• Trigger 1: Work one hour LESS each day.

If you’ve been in a job for more than six months, chances are you’ll have subconsciously fallen into a bad routine that seems easier at first, but created problems later. You’ll just perform tasks and get things done on “automatic” without thinking about what you’re doing, why you’re doing it and how you could make it so much easier for yourself.

So, free up 30-60 minutes a day to go through the things that are clogging up your work life (and your home life). Work out what’s running smoothly and what’s taking far longer than it should, assess where it’s all falling down, and write down what needs to happen to make it better. Do this for a month. You’ll be amazed how much more you’ll get done, how much fresher and better your work will be without the work stress.

 

  • Trigger 2: Set yourself a timetable

This may sound like you’re just adding MORE work to your day, but setting out timelines for specific projects will help get everything in perspective and show you exactly what you have to do.

This is especially helpful when you have so much work, you don’t know where to start. In fact, you don’t know where to start. In fact, it’s such a burden you mentally get to the point where you think, “Why bother? I’ll never get through all this”, and as a result the work just keeps on building up (together with that clammy pressure on the back of your neck as your boss’s eyes bore into you.)

So, begin by writing down a list of everything that needs doing (and check with people that there’s nothing they’ve forgotten to tell you about).

Split the jobs into stages and treat each stage as a separate task. For example, if you wanted to put a shelf up, you’d split that down into buy brackets and shelf, prepare wall, drill holes, fix to wall. Once you have your definitive list, split the tasks into small (30 mins or less) and big (anything above that – don’t bother splitting the list into loads of different groups).

Then, jot down the three most important tasks that you can realistically complete in that day – and one additional smaller task.

Tackle the smaller task first. Get it done and cross it off the list. It’s pathetic, but it really does make you feel in charge of the work, not vice versa. Then get to work on the first of the important tasks.

 

  • Trigger 3: Get “out of the loop”

Reduce Work Stress - paretoTake a look at your desk and your inbox. How many useless reports, memos, emails and samples are cluttering up the place? Take a quick look through it, and see what you’ve looked at. If they were important, people would be screaming at you for a response, but the truth is 80% of the stuff that ends up on your desk is a waste of your time. The trouble is, you’ll either waste time by reading it, or feel under pressure to do something about it.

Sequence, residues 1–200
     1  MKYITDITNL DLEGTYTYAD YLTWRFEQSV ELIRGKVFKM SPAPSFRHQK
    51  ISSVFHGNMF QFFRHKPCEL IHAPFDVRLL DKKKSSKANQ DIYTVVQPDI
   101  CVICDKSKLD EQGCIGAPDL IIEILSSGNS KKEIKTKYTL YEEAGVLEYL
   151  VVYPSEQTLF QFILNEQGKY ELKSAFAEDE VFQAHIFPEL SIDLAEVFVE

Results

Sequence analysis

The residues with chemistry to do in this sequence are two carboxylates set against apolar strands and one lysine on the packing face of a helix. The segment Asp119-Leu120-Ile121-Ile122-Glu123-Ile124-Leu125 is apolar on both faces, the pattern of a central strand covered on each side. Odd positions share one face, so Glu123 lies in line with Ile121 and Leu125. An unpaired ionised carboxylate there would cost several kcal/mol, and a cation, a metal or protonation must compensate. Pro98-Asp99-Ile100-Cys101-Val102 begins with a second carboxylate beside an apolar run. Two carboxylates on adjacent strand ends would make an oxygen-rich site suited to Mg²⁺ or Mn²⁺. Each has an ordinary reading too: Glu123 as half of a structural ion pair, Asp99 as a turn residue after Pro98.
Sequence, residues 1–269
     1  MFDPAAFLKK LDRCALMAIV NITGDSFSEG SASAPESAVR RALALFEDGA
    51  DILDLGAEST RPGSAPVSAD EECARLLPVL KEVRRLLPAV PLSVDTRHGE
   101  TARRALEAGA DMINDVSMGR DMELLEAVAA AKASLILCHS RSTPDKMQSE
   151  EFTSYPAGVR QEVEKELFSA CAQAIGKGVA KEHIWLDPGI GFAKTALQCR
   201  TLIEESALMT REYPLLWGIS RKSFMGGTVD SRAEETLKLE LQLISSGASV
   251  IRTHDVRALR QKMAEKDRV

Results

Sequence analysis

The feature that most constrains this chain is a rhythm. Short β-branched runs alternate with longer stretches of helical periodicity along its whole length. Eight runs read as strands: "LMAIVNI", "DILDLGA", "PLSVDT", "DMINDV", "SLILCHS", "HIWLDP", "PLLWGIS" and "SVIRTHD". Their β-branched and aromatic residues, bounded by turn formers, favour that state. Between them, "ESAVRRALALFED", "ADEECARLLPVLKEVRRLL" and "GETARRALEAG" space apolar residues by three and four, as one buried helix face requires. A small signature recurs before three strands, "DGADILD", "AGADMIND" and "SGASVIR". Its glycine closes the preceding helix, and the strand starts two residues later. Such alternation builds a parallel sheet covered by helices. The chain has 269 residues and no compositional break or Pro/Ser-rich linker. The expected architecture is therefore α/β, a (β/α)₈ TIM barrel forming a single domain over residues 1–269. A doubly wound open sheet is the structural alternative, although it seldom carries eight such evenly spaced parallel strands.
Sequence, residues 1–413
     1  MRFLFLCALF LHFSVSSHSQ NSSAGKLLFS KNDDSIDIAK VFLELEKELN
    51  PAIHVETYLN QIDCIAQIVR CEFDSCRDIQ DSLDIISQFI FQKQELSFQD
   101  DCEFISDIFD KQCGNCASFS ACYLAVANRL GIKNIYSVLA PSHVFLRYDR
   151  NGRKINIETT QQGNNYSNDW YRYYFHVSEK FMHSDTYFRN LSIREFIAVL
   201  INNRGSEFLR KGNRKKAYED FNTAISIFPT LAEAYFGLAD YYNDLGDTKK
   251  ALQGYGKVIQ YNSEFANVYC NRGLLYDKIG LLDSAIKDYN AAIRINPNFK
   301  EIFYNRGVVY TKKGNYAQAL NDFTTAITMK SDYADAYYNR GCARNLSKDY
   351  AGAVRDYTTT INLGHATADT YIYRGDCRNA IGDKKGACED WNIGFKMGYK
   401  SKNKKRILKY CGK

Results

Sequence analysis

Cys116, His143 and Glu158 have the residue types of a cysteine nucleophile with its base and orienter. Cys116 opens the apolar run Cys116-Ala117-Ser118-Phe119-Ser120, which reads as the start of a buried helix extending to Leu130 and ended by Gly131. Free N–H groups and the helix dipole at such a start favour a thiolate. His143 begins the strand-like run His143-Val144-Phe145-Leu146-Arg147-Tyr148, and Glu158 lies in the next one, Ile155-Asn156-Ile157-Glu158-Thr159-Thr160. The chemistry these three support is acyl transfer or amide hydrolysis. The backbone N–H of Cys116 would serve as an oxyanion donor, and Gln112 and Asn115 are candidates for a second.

Simple tell the distributor to take your name off the list, and drop your colleagues a not saying you don’t really need this newsletter or that report.

 

  • Trigger 4: Cut down on work – based socialising

Business launches are all well and good – some of them are essential – but if you find yourself constantly attending launches, dinners or parties, you’ll never have time to switch off and think about other things in your life.

Launch time should ideally be a leisurely hour on your own, reading a book, taking a stroll or enjoying an unhurried lunch. You need to let your mind unplug from work and cool down a little. If you have a business lunch with colleagues, then attend a function hosted by a client, you are in effect working a 14-hour day without even realising it. And if you do this regularly, it will take its toll.

So only accept invitations that are truly necessary, and claw back a few hours a week for yourself.

  • Trigger 5: Stop thinking you’re the big “I am”

If you’re good (and you know you are!) you’ll probably be asked to be part of brainstorming groups, or be part of a social committee, or head up some company association… which is all great for your ego. But before you start accepting every invitation, think about the all time big question “What’s in it for me?”. Sure, it’ll make you feel good that you’ve been asked to organise something, but if it happens too often consider how much of your time and energy you’re throwing into these extra – curriculum tasks – and pick and choose.

The Bottom Line:   Using these magic triggers could totally transform how you approach your work, and how much calmer everything seems to be with the work stress being a thing of the past.

 

Recommended Links:

 

More on Work Stress…

Industrial and organizational psychology

External links : Handbook of work stress. Thousand Oaks, CA: Sage. Jex, S. M (1998). Stress and job performance: Theory, research, and